Also, Wolff expects, the response to the earthquake will be strong because it wasn't just Haitians impacted by the earthquake, but also aid workers and people from foreign governments.
"It actually affects them," she says. "They're rescuing themselves, their families, their friends, their organizations and Haitians."
Like Stehl, Wolff expects a spike in demand, which MFK also saw in 2008 after four hurricanes hit the country.
"I thought that was the worst that could happen," Wolff says. "But I guess not."
Sacred Heart Hospital in Milot
The 7.0 earthquake is also of heartfelt concern to hundreds of St. Louisans with close ties to the largest private hospital in northern Haiti -- the 73-bed Hopital Sacre Coeur, in Milot, a six-hour drive on poor roads from the earthquake's center. St. Louisans, who greatly expanded the hospital, continue to volunteer and provide financial support.
In an email, Raymond Delnatus, the hospital finance director, confirmed that no one was hurt at the facility; the hospital, the largest employer in the town, is standing and fully operational. Tremors were felt in the area, about 10 miles from the nearby northern city of Cap-Haitian. That city's airport remains open. Hospital board members in St. Louis got the email.
Late Wednesday Sacre Coeur hospital's foundation board member Charles Dubuque of Warson Woods got word that cracks had developed in some of the hospital buildings due to the tremors. Dubuque, a St. Louis coffee company executive and son of the hospital's foundation founder, considers it fortunate that a construction expert happened to be at the hospital. Retired general contractor Tim Traynor of Springfield, Mass., was volunteering for a several weeks. Traynor has helped with non-medical operations at the hospital over the years, knows its buildings and has overseen periodic updates. Repairs can be made, he told Dubuque.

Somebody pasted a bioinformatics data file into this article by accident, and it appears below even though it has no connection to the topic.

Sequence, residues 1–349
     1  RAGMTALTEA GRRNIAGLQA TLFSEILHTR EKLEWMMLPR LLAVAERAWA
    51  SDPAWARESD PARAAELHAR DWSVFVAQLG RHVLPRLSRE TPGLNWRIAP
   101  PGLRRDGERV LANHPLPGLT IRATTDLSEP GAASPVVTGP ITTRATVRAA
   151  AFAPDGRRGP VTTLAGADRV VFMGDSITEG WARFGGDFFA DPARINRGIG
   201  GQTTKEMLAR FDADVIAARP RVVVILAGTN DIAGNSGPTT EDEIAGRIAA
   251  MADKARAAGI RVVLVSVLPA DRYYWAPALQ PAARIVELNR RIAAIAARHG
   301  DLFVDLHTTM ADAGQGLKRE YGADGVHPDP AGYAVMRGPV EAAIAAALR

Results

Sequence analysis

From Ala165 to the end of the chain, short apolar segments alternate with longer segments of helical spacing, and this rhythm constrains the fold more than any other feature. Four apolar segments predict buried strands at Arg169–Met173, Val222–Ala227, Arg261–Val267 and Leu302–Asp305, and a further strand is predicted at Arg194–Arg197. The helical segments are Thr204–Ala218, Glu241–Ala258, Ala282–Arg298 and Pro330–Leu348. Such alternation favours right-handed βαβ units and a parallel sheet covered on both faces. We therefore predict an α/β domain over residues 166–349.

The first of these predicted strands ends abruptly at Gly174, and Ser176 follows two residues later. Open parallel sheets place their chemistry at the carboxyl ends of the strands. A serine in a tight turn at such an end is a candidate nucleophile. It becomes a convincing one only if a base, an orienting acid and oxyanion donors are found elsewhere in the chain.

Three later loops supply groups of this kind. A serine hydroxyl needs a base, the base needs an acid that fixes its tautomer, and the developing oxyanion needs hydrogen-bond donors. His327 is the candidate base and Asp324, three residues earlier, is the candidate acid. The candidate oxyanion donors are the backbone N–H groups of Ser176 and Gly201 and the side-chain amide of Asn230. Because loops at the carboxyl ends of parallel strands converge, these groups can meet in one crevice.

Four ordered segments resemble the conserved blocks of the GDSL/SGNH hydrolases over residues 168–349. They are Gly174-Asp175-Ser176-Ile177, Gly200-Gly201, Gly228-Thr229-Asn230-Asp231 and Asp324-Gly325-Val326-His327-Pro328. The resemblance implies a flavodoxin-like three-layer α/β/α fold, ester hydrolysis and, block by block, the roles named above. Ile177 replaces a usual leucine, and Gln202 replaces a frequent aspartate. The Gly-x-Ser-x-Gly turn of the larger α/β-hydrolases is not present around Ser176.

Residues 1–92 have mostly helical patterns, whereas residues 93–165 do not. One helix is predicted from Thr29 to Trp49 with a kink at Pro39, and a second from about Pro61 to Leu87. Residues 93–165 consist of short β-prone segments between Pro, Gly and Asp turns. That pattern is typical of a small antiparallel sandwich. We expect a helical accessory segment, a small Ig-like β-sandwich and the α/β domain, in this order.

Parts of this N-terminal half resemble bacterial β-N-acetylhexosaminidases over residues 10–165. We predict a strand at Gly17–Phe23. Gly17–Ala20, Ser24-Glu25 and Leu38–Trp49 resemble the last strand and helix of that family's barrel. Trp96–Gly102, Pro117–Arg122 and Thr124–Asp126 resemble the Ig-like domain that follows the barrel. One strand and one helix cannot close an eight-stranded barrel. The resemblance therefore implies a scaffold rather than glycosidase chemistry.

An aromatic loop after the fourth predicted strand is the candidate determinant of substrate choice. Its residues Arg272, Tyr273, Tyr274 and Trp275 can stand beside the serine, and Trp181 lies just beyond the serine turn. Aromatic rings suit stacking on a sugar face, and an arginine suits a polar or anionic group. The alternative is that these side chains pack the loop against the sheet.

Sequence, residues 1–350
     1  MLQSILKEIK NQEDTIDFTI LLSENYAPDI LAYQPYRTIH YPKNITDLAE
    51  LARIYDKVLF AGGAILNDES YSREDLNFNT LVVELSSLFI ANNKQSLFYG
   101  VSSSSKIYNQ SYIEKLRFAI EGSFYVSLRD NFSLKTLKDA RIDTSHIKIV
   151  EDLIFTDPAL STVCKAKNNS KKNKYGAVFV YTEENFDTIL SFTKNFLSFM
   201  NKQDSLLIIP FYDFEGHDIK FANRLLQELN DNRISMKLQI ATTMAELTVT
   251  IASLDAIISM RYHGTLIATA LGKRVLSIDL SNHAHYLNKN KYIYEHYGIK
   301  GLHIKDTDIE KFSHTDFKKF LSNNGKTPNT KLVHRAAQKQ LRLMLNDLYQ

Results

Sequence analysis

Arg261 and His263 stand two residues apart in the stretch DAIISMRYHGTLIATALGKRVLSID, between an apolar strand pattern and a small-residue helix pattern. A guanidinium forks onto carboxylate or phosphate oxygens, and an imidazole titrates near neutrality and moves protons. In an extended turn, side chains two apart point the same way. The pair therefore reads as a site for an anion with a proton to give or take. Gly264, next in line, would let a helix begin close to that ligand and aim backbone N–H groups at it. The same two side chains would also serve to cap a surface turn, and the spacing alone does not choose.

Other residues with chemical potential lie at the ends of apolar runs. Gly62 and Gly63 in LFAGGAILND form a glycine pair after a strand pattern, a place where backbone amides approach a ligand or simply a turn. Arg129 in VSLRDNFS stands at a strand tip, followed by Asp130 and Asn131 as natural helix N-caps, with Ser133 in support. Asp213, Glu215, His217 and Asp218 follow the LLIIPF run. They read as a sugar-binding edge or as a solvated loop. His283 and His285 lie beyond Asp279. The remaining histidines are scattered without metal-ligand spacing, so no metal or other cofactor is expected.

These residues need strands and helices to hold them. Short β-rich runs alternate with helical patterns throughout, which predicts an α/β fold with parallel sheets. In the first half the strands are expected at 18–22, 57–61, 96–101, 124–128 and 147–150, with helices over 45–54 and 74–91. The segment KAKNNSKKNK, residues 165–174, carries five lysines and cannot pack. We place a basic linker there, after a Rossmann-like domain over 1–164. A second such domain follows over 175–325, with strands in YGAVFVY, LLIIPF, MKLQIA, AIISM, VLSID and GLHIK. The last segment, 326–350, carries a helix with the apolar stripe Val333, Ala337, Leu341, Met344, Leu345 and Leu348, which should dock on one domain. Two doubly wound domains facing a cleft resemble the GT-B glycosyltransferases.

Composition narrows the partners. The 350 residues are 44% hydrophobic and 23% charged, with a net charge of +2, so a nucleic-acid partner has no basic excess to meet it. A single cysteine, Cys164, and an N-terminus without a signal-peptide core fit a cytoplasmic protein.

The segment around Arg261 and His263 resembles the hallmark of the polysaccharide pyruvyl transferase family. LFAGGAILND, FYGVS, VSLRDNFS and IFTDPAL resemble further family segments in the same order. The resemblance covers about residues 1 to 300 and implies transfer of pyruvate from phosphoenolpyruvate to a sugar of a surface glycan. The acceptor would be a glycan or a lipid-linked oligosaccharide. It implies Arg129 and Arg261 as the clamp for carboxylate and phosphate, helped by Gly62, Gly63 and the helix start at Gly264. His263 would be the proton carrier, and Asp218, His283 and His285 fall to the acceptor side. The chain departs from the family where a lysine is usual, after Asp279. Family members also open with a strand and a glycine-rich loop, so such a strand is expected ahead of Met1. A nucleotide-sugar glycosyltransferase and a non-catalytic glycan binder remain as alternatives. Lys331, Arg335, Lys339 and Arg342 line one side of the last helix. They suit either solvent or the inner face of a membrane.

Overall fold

Because the hospital is far beyond the teeming chaos of Port au Prince, Dubuque said some injured might be airlifted to the airport near the hospital. He and another board member Thomas Schlafly, of St. Louis, are both concerned about the many dedicated hospital staff members who have family in Port-au-Prince that they have not yet heard from.
For years people from the now devastated capital city of Port-au-Prince have traveled to the hospital for care when St. Louis medical specialists have been in residence. Today, the hospital's regular full-time doctors include 15 Haitians backed by a staff of 160.